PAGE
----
Nicole Paiement
Nicole Paiement | Credit: Cory Weaver

Opera Parallèle, a small company with huge ambition and exceptional daring (also with a Francophile accent grave over the e), continues to champion contemporary works, as it has throughout its history. Founder and Artistic Director Nicole Paiement and Creative Director Brian Staufenbiel are among the bravest people in the music world.

The proof is in the here and now: While the company is performing The Shining, the operatic adaptation of Stephen King’s haunted-house novel, June 2–4 at Yerba Buena Center for the Arts, it is also announcing a season of contemporary works.

Paiement describes the 2023–2024 season:

It is a journey through time with three beautiful and relevant human stories. Beginning in the future, we explore our environmental issues through an intergenerational family relationship with The Emissary.

Moving to the ’70s era, we then examine the spirit of competition through the comical lens of Birds & Balls and end the season with a profound depiction of love flourishing under persecution in the 1950s with Fellow Travelers.

This is another season of all living composers and world or West Coast premieres, showcasing both new and established creators working at the height of their talents.”

Brian Staufenbiel
Brian Staufenbiel | Credit; Cory Weaver

Staufenbiel told SF Classical Voice:

“I am very excited about returning to SFJAZZ for Birds & Balls to transform the space into a 360-degree competitive arena, with some of the audience seated onstage and a live tennis court.

“We’re also looking forward to collaborating with our new venue partners at the Presidio Theatre and ODC Theater — two beautiful new spaces for San Francisco audiences to enjoy opera.”

Opera Parallèle’s season will include commissions for the first opera from Kenji Oh and to bring film and TV composer Laura Karpman’s work to San Francisco for the first time.

The season begins Oct. 27–28 with the world premiere of The Emissary, by Oh and librettist Kelley Rourke, choreographed by Yayoi Kambara. The opera, based on Yoko Tawada’s novel, is a dystopian satire that addresses the environmental angst of today and the ever-increasing psychological stress on the younger generation.

In The Emissary (published in the U.K. and elsewhere as The Last Children of Tokyo), Tawada tells the story of a nuclear disaster similar to Fukushima, during which the Japanese government implements an “isolation policy,” cutting the country off from the outside world.

Central Tokyo is deserted. The country’s soil is contaminated, its plants have mutated, and its people are living under a capricious governing body that not only has waged a war on words (the term “mutation” having been replaced by the more agreeable “environmental adaptation”) but has proven to have a penchant for tinkering with the laws.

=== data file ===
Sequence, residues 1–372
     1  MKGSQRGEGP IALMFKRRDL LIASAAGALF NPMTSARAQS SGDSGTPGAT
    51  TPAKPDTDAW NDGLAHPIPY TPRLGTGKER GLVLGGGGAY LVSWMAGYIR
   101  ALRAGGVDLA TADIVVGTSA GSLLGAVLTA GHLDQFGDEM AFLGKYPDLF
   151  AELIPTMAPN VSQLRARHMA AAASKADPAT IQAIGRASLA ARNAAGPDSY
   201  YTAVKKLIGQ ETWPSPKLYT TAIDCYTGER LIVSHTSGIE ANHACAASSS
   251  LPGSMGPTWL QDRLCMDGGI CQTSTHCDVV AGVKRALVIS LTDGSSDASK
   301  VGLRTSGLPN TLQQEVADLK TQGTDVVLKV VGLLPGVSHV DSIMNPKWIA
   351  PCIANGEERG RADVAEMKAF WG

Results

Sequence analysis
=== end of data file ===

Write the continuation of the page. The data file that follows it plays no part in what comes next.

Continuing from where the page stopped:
April 5–7, 2024, will bring the double bill OP has named Birds & Balls: composer David T. Little and librettist Royce Vavrek’s comedy about Flemish sportsmanship, Vinkensport, or The Finch Opera, paired with the premiere of composer Laura Karpman and librettist Gail Collins’s tennis spectacle, Balls, based on the 1973 “Battle of the Sexes” match between Billie Jean King and Bobby Riggs.

Vinkensport (2010, commissioned by Dawn Upshaw for the Bard Conservatory) is about the sport of professional finch-calling, contestants battling it out to see who has the most melodious bird. Coaxed by their owners, trained finches race to sing the most “susk-e-wiets” over the course of an hour, where every tweet is noted in chalk on a long stick. The winner, of course, is the finch who has tweeted the most, but there are complications.

The OP season concludes June 21–23, 2024, with the West Coast premiere of Fellow Travelers, by composer Gregory Spears and librettist Greg Pierce, about “forbidden love” during the McCarthy era.

Following the 2016 Cincinnati premiere and productions at Lyric Opera of Chicago, Minnesota Opera, New York’s Prototype Festival, and Boston Lyric Opera, Fellow Travelers arrives in San Francisco with the story of a gay affair during the “lavender scare,” a largely overlooked witch hunt during the 1950s Red Scare.

Just as the Red Scare hunted and persecuted liberals and leftists in Washington and Hollywood through Eugene McCarthy’s Senate hearings, the “lavender scare” ended the government careers and ruined the lives of suspected gay and lesbian people — with the active participation of closeted FBI Director J. Edgar Hoover.

Major support for Opera Parallèle is provided by Gordon Getty, the Lemala Fund, City and County of San Francisco Grants for the Arts, Donna Dubinsky and Len Shustek, the Future Fund, Scott R. Lord, the National Endowment for the Arts, and the Phyllis C. Wattis Foundation.